According to other features taken alone or as a combination of the system according to the invention:

    • the breakdown means comprise means for cutting out the transactions according to their size and/or their type and/or the number of resources, either identical or different per user and/or among the latter;
    • the distribution means comprise means for distributing interlaced sub-transactions among the resources;
    • the interlaced sub-transactions are distributed/dispersed into each queue associated with each shared resource;
    • the engine includes means for inserting a transaction for substituting an unauthorized or absent transaction;
    • the engine includes means for inserting a sub-transaction for substituting an absent sub-transaction;
    • the engine includes means for monitoring proper execution of the sub-transactions in order to validate proper execution of the corresponding transaction;
    • the engine is adapted for distributing the sub-transactions among the resources in a balanced way or not;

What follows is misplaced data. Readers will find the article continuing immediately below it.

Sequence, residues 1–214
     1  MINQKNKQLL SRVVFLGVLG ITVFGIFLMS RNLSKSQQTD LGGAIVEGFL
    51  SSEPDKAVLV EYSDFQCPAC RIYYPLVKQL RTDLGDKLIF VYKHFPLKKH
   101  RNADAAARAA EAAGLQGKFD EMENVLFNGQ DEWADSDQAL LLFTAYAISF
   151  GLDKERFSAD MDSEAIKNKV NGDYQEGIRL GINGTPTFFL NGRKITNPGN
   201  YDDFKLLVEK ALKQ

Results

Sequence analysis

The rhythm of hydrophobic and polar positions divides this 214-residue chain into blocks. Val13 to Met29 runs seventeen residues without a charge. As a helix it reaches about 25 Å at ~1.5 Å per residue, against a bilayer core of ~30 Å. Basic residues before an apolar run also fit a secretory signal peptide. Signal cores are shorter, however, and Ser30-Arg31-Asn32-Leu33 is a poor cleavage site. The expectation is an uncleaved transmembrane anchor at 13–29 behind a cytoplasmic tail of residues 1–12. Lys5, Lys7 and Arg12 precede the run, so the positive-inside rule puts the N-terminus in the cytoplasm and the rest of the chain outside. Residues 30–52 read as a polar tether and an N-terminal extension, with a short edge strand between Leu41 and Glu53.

• the engine is a adapted for distributing the sub-transactions among the resources in a programmable way depending on the space-time configuration for connecting the users and/or the shared resources;
    • the means for interlacing the sub-transactions and for distributing these interlaced sub-transactions either fit a static law and/or a configurable law and/or a law evolving over time and/or depending on the internal behavior of the exchange engine.

The invention will be better understood by means of the description which follows, only given as an example and made with reference to the appended drawings, wherein:

FIG. 1 represents a block diagram illustrating the structure and the operation of a multi-user processor system for processing information according to the invention, and

FIGS. 2 to 9 illustrates different operating scenarios of such a processor structure.

Indeed, a general block diagram is illustrated on these figures and in particular in FIG. 1, illustrating the structure of a multi-user processor system for processing information.

The latter is then placed between different users are designated by the general reference 1 in this FIG. 1 and shared resources designated by the general reference 2. In fact, this multi-user processor system for processing information may include what may be called a data exchange engine, designated by general reference 3 in this FIG. 1, which is therefore place between multiple users and shared resources.